It’s not uncommon for beginner app developers to wait until the end of the development process before considering their monetization and marketing strategies. It’s daunting and hard work to acquire new users and make money at the same time. But, as we’ll soon learn, it’s important to keep monetization and marketing in mind from the get-go.
ironSource sat down with Eric Seufert, an app marketing and monetization expert who runs the Mobile Dev Memo blog, and owns the mobile marketing agency Heracles. Eric took us through his top tips and tricks for app monetization and marketing. Here’s what he had to say.
What you can recommend to app developers getting started with mobile ad monetization?
Ad monetization needs to be deeply integrated into your app as part of the core loop -- it’s not something that exists independently of gameplay (an “extra” source of revenue) but rather it’s a fundamental component of your app’s revenue stream that interacts with the IAP catalogue in a systematic way.
If you think of ads as something that players watch randomly and unpredictably, then you risk integrating ads in a way that annoys users.
More and more developers are seeing the benefits of rewarded video ads, like higher eCPMs, retention, and engagement. How can developers best integrate rewarded video ads into their apps?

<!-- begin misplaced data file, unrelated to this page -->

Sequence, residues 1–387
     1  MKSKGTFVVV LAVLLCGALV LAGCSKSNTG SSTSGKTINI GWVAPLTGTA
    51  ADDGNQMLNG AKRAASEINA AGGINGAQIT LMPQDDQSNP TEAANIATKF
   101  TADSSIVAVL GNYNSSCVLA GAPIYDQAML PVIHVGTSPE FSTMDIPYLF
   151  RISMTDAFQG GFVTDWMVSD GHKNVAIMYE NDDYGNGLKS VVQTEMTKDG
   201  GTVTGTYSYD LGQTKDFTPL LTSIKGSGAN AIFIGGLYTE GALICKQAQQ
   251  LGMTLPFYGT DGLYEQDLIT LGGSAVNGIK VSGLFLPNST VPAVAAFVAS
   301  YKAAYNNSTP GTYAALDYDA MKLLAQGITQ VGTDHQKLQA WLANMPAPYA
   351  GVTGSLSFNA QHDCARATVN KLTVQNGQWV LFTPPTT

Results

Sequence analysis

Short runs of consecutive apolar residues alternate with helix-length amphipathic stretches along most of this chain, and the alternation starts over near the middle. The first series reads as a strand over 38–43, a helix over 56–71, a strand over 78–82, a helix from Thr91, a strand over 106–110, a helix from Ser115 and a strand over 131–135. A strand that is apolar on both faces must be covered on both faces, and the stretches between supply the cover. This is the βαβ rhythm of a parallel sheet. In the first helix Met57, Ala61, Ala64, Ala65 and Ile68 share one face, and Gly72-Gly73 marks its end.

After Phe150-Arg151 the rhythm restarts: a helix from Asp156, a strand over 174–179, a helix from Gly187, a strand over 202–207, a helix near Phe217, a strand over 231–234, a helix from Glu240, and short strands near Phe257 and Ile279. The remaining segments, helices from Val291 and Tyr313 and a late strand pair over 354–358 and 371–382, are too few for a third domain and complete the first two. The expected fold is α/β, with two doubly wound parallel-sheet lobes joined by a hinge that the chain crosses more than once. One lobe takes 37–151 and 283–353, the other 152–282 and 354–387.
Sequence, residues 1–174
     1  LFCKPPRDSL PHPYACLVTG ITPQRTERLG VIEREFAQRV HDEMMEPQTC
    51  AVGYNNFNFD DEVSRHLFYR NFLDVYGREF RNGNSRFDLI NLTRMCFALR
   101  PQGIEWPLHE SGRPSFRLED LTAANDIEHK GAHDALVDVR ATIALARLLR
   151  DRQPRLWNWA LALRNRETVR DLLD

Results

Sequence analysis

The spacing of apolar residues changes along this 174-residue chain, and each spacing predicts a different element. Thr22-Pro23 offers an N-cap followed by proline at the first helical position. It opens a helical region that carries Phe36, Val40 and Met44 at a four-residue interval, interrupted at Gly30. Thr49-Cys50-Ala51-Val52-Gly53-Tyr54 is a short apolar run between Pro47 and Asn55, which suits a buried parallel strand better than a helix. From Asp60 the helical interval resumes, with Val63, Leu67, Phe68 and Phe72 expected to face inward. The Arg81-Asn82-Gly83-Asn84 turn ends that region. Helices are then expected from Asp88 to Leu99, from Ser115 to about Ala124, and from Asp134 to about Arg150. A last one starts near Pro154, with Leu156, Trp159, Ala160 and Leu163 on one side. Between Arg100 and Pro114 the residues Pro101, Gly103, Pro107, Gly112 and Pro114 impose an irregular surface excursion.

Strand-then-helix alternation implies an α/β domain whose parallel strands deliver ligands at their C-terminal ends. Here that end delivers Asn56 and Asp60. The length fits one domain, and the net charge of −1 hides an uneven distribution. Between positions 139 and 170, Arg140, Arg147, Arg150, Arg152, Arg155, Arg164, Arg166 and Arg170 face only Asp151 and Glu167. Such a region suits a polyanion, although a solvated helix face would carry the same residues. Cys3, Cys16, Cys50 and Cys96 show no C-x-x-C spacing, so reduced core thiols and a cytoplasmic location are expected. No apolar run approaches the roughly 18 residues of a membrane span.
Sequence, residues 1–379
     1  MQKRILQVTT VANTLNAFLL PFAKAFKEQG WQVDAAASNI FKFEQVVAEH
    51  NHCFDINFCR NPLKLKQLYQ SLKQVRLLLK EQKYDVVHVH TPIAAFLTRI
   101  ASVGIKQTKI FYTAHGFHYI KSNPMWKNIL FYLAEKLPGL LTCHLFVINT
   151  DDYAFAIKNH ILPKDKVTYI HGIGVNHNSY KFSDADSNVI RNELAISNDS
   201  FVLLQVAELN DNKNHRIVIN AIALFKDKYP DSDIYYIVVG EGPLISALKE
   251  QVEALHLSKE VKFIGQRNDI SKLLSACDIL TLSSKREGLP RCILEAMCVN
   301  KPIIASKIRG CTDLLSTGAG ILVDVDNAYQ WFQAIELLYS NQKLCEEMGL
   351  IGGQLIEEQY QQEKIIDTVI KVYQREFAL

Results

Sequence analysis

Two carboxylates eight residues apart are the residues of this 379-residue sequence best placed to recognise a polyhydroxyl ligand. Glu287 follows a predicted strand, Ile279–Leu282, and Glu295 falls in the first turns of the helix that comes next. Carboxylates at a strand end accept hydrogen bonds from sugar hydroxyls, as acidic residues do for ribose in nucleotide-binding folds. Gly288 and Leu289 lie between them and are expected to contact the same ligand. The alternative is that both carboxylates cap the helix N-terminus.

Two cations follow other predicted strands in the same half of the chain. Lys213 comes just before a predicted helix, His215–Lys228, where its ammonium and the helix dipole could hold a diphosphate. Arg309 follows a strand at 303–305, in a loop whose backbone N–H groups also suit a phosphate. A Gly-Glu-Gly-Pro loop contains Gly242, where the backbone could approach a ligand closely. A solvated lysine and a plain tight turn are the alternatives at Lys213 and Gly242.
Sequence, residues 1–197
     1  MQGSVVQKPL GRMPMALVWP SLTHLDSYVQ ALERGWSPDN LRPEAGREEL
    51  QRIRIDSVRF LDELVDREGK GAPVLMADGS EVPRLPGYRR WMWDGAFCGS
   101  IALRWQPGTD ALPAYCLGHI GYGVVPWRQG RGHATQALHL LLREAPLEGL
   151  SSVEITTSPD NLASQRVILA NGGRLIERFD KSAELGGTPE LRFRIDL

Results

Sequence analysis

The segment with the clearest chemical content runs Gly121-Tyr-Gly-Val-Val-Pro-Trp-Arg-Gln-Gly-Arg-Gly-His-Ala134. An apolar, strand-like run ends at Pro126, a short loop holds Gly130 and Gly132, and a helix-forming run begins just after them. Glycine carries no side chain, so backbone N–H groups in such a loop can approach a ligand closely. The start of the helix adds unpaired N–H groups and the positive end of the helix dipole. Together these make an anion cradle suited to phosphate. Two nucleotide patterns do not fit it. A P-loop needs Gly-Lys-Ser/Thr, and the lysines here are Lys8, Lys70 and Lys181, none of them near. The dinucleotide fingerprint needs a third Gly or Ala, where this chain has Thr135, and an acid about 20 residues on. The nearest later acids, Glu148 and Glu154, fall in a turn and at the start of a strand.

To the extent that they can be, rewarded ads should be used to precipitate purchases: to give players a sample of the kind of value they can get in purchasing IAPs.
A lot of developers worry about video ad rewards cannibalizing IAPs, and that’s true -- if they’re implemented poorly. When video rewards are designed into the gameplay from the very beginning of the design stage, they can actually increase overall IAP conversion.
What’s the best tip you can give app developers developing a marketing strategy for the first time?
Marketing for a game starts at the concept stage: the type of game that’s made, its aesthetic, the IP associated with it, etc. all affect the end-state marketing strategy for it, and so marketing needs to be involved when those decisions are being made.
Many developers produce a finished product, present it to marketing, and then are dismayed when they hear something like “the CPIs for this game are too high for it to be commercially viable.”
That’s a cop-out statement; CPIs are a function of clicks, and it’s always possible to increase clicks on ads for a game by changing the game -- it’s just a question of opportunity cost when the game is already finished (is it more prudent to tear this game apart and rebuild it in a way that’s more marketable or to simply start a new game?).
What are some mistakes to avoid when marketing your app?
Don’t fall into the trap of thinking that everyone on the UA team needs 3+ years of direct mobile marketing experience. Your UA lead needs experience in direct mobile marketing, but if he or she is good, they’ll be able to teach less experienced recruits the basics pretty quickly.
UA isn’t rocket science, and it’s highly process-oriented: get someone experienced to build out the processes and the suite of tools you’ll need, and then hire based on raw intelligence.